Family Of Released Prisoner Accuses Israel Of Causing Him Incurable Illness
06 January 2014
By Khalid Amayreh in the West Bank
The Family of Naim Shawamreh, a 45-year-old
Palestinian prisoner released by Israel on Tuesday has
accused the Israeli Prison Service (IPS) of having
deliberately injected him with a chemical substance
that caused him an incurable illness.
The illness is known medically as Amyotrophic Lateral
Sclerosis or (ALS). It is also known as Lou Gerig's
According to medical dictionaries, ALS is a rapidly
progressive, invariably fatal neurological disease
that attacks the nerve cells (neurons) responsible for
controlling voluntary muscles (muscle action we are
able to control, such as those in the arms, legs, and
Early symptoms include fasciculation, cramps, tight
and stiff muscles (spasticity), muscle weakness
affecting an arm or a leg, slurred and nasal speech,
or difficulty chewing or swallowing. These general
complaints then develop into more obvious muscle
weakness and atrophy, spreading to other parts of the
body as the disease progresses.
It is obvious that many of these symptoms appeared
rather conspicuously on Naim who arrived at his home
in an ambulance. He could hardly verbally communicate
with well-wishers or the media.
Journalists were politely asked by Naim's family to
refrain from "asking too many questions" in light of
his health condition.
A strongly slurred speech and an inability to hold a
microphone with his hands were noticed.
They wanted to kill him
Nabil, Naim's younger brother, says Naim told him the
Israeli Prison Service (IPS) deliberately injected him
with a chemical substance that caused the ALS disease
to afflict his body.
"He told me they (the Prison's doctors) gave him a
pill seven months ago which caused several symptoms to
appear on him including a severe swelling of the face,
severe headache and slurred speech.
"They simply wanted to kill him."
Nabil said the Israeli Prison Service admitted that
that the "pill" was given to him by mistake.
Nabil, who didn't seem fully aware of his brother's
medical condition, said he hoped Naim would be able to
receive proper medical care abroad and be cured.
The Governor of Hebron who came to wish him well
promised his family that every effort would be made to
give him the best possible medical treatment.
Nabil was reminded of the gravity and seriousness of
the charges he was voicing. He argued that his brother
was in nearly perfect physical condition and that he
only began to experience the illness soon after he was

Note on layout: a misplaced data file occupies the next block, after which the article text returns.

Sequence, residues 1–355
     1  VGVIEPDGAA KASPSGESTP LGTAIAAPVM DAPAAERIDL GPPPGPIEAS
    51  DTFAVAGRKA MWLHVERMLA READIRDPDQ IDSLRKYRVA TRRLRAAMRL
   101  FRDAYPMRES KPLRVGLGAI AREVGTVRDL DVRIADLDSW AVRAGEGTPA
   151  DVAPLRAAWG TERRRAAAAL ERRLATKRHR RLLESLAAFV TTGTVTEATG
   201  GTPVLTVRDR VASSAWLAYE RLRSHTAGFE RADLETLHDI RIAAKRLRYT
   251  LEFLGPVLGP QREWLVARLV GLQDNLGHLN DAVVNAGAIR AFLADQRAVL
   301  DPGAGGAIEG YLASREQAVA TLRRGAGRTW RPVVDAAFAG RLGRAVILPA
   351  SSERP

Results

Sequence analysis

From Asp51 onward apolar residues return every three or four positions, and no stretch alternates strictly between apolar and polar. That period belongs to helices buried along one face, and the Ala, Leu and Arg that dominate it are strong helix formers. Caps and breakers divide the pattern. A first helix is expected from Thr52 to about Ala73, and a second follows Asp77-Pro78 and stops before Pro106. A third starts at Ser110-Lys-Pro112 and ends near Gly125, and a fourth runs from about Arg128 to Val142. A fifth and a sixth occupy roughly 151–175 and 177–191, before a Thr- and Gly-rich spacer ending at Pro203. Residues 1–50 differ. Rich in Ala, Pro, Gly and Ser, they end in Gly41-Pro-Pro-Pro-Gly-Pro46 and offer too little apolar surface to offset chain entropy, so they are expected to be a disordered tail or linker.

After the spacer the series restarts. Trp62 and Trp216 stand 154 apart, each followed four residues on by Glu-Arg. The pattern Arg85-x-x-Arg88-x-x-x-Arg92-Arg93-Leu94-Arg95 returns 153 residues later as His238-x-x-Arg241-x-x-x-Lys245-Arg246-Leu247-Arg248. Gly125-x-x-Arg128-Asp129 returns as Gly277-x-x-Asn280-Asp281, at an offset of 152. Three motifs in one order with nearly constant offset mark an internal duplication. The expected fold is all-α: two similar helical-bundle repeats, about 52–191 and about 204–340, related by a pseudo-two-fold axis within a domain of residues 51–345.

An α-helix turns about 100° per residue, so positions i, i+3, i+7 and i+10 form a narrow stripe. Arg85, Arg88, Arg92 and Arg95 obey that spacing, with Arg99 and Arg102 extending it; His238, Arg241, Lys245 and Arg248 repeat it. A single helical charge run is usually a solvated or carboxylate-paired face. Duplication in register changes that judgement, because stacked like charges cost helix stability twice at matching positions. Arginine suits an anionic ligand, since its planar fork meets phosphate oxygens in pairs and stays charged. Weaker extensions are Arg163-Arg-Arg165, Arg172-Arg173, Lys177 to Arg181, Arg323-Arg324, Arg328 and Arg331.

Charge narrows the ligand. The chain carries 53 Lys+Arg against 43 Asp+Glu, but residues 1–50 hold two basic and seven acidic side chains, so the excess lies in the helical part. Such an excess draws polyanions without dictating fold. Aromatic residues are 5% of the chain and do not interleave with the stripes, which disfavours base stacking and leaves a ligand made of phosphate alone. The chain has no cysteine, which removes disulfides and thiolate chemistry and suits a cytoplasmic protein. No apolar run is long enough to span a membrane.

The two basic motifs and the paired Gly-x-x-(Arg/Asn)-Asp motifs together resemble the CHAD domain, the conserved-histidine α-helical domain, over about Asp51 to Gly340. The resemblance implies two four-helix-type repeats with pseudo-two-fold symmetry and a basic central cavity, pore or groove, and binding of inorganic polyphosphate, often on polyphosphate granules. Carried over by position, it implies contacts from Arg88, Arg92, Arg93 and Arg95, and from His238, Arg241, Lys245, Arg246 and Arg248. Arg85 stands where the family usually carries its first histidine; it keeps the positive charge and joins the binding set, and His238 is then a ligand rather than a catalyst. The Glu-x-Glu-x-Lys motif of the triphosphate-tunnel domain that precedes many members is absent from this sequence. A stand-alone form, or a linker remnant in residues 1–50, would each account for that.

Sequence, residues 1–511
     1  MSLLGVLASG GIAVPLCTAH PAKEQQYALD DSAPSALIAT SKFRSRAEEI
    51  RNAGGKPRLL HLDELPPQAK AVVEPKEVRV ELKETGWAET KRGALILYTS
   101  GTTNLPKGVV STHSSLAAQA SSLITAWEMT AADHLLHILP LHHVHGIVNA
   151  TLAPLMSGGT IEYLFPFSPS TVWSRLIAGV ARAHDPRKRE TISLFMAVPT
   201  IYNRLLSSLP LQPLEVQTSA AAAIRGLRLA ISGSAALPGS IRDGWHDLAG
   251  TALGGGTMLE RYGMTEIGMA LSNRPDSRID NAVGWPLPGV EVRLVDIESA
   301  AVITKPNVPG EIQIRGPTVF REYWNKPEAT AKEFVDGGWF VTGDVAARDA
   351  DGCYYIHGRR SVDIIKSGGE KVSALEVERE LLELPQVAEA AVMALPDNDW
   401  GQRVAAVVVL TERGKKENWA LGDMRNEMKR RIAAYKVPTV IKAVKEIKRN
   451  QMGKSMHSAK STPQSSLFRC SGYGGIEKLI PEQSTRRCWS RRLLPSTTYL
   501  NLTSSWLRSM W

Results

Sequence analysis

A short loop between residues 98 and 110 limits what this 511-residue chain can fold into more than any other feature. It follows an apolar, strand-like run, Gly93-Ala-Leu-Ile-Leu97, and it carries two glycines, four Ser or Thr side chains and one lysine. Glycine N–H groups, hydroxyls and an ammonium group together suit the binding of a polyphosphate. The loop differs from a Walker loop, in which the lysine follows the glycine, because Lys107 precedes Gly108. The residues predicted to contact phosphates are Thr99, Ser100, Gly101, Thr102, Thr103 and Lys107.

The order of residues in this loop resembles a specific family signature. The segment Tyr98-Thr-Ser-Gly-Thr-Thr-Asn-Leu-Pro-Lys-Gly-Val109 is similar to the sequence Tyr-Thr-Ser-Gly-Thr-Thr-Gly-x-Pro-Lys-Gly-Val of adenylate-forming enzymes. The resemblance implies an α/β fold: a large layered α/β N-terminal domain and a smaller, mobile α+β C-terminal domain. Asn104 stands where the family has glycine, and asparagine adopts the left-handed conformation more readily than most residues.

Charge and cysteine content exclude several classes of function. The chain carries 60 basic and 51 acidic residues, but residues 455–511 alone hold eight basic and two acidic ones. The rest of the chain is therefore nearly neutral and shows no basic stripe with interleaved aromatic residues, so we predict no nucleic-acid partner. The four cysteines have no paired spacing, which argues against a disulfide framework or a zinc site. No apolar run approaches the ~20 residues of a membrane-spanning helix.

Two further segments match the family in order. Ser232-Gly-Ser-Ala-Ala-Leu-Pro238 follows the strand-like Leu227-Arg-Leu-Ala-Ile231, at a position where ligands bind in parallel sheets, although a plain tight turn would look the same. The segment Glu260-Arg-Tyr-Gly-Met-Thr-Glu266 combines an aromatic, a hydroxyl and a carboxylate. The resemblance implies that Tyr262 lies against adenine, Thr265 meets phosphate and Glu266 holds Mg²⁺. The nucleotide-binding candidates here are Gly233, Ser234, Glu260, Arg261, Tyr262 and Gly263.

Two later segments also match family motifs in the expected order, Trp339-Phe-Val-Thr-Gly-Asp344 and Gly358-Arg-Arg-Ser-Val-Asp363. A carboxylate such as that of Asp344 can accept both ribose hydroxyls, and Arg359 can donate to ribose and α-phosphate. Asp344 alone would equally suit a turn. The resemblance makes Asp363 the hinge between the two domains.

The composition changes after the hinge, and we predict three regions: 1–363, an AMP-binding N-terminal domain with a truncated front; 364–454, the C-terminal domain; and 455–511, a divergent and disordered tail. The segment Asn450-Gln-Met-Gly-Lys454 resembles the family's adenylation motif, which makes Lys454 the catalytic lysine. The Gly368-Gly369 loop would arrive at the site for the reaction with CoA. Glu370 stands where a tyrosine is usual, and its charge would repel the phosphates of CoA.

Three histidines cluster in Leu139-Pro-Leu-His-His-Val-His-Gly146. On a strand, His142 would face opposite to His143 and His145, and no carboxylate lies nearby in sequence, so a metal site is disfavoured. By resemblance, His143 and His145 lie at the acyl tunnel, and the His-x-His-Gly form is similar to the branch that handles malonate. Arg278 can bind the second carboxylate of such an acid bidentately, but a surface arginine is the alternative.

given "the pill."
The Israeli response
This correspondent contacted Sivan Wayzman, a
spokeswoman for the IPS who categorically denied the
Wayzman, who expressed her astonishment at the
charges, emailed the following response.
"The Israel Prison Service declines all allegations of
any intended actions which allegedly caused the
prisoner's disease. It is a well-known fact that there
is little understanding of the causes of ALS disease.
Nonetheless, 10 percent of the cases have to do with
Since the prisoner has been diagnosed as suffering
from it, he has been examined and treated by
specialists who have laid out the ways in which he
must be treated – the IPS has followed accordingly.
The court, who has discussed the prisoner's petition,
concluded that the treatment he is receiving is
professional and adjusted to his needs."
Ahmed Ibrahim is a medical doctor from the Hebron
region specialized in muscular flaccidity. He says
that it is not medically known that a given chemical
or biological agent can cause the sudden occurrence of
However, he noticed that Israel was highly advanced in
the production of chemical and biological agents that
can kill people either immediately or slowly.
He cited the Khalid Mishaal case in 1997, when two
Mossad agents carrying fake Canadian passports tried
to assassinate the Islamist Palestinian leader by
smacking a device to Mishaal's left ear that
transmitted a fast-acting poison.
The two Mossad agents were captured and Israel was
forced to hand over to the Jordanians the antidote
that saved Mishaal's life.
However, despite his progressive disability and
deteriorating health (it is unclear if he knows his
condition is incurable), Naim maintained a broad smile
as he thanked everyone who came to congratulate him.
His mother, although relieved that her son is finally
free, is worried that he may not live long due to his
"I am really having a lot of mixed feelings. On the
one hand, I am happy that he is out of jail. On the
other hand, I am extremely worried about his illness
and the possibility that he won't recover. I implore
God to cure him."
Khalid Amayreh is an American-educated journalist
living in the Hebron region of the West Bank.